Imagining could no image make of it.
Time its mere gasp hath left; hidden it is.
Like secrets pent in the intelligence,
Yet if it be remembered[1] in the tribe,
All become drunk—no shame on them nor sin.
Up hath it fumed from out the vessel’s dregs.
Nothing is left of it, only a name;
Yet if that name but enter a man’s mind,
Gladness shall dwell with him and grief depart.
Had the boon revelers gazed upon its seal,[2]
That seal, without the wine, had made them drunk.
Sprinkle a dead man’s grave with drops of it,
His spirit would return, his body quicken.
If in the shadow of the wall where spreads
Its vine they laid a man, mortally sick,
Gone were his sickness; and one paralyzed,
Brought near its tavern, would walk; the dumb would speak,
Did he its savor recollect. Its fragrance,
If wafted through the East, even in the West,
Would free, for one berheumed, his sense of smell;
And he who stained his palm, clasping its cup,
Could never, star in hand, be lost by night.
Unveil it[3] like a bride in secrecy
Before one blind from birth: his sight would dawn.
Decant it, and the deaf would hearing have.
If riders[4] rode out for its native earth,
And one of them were bit by snake, unharmed
By poison he. If the enchanter[5] traced
The letters of its name on madman’s brow,
That script would cure him of his lunacy;
And blazoned on the standard of a host,[6]
Its name would make all men beneath it drunk.

In virtue the boon revelers it amends,
Makes perfect. Thus by it the irresolute
Is guided to the path of firm resolve.
Bountiful he, whose hand no bounty knew;
And he that never yet forbore forbeareth,
Despite the goad of anger. The tribe’s dunce,
Could he but kiss its filter, by that kiss
Would win the sense of all its attributes.

‘Describe it, well thou knowest how it is,’
They bid me. Yea, its qualities I know:
Not water and not air nor fire nor earth,
But purity for water, and for air
Subtlety, light for fire, spirit for earth—
Excellencies that guide to extol its good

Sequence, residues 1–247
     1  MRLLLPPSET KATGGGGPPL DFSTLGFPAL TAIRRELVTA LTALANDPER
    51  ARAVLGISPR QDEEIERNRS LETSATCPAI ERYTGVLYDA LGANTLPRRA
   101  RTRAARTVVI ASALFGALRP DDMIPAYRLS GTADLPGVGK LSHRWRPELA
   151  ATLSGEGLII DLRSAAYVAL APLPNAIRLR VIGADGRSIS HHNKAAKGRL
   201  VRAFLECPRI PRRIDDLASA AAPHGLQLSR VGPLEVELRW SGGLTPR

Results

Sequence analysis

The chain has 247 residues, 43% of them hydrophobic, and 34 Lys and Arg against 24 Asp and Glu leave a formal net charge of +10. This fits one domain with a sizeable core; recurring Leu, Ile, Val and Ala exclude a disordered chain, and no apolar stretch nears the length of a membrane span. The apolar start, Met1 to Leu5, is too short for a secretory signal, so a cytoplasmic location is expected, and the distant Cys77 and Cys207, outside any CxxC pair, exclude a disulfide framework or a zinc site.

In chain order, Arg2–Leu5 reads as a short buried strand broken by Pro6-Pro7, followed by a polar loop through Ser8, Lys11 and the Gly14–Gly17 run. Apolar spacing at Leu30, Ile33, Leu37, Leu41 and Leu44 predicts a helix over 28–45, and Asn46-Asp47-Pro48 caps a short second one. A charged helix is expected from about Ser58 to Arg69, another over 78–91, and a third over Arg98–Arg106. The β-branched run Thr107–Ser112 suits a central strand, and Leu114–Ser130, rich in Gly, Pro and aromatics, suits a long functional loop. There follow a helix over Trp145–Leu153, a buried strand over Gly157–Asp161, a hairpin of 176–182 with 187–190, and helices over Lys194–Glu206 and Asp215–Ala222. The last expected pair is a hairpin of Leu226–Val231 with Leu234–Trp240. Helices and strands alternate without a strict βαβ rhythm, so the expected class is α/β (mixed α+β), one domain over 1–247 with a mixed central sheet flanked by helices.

All who would tell of it, and excellent
Their prose in praise of it, excellent their verse.
So he that knew not of it[7] can rejoice
To hear it mentioned, as Nu‘m’s lover doth
To hear her name, whenever Nu‘m is named.

Before all beings, in Eternity
It is, ere yet was any shape or trace.
Through it things were, then it by them was veiled,
Wisely, from him who understandeth not.
My spirit loved it, was made one with it,
But not as bodies each in other merge.
Wine without vine: Adam my father is.
Vine without wine, vine mothereth it and me.[8]
Vessels are purer for the purity
Of truths which are their content, and those truths
Are heightened[9] by the vessels being pure.
Things have been diff’renced, and yet all is One:
Our spirits wine are, and our bodies vine.[10]

Before it no before is, after it
No after is; absolute its privilege
To be before all afters. Ere time’s span
It pressing was, and our first father’s[11] age
Came afterwards—parentless orphan it!
They tell me: ‘Thou hast drunk iniquity’.
Not so, I have but drunk what not to drink
Would be for me iniquitous indeed.
Good for the monastery folk, that oft
They drunken were with it, yet drank it not,
Though fain would drink. But ecstasy from it
Was mine ere I existed, shall be mine
Beyond my bones’ decaying. Drink it pure!
But if thou needs must have it mixed, ‘twere sin
To shun mouth-water[12] from the Loved One’s lips.

Go seek it in the tavern; bid it unveil
To strains of music. They offset its worth,
For wine and care dwelt never in one place,
Even as woe with music cannot dwell.
Be drunk one hour with it, and thou shalt see
Time’s whole age as thy slave, at thy command.
He hath not lived here, who hath sober lived,
And he that dieth not drunk hath missed the mark.
With tears then let him mourn himself, whose life
Hath passed, and he no share of it hath had.

(English adaptation and notes by Martin Lings;
from Studies in Comparative Religion, Vol. 14, Nos. 3 and 4 (Summer-Autumn 1980) © World Wisdom, Inc.)

NOTES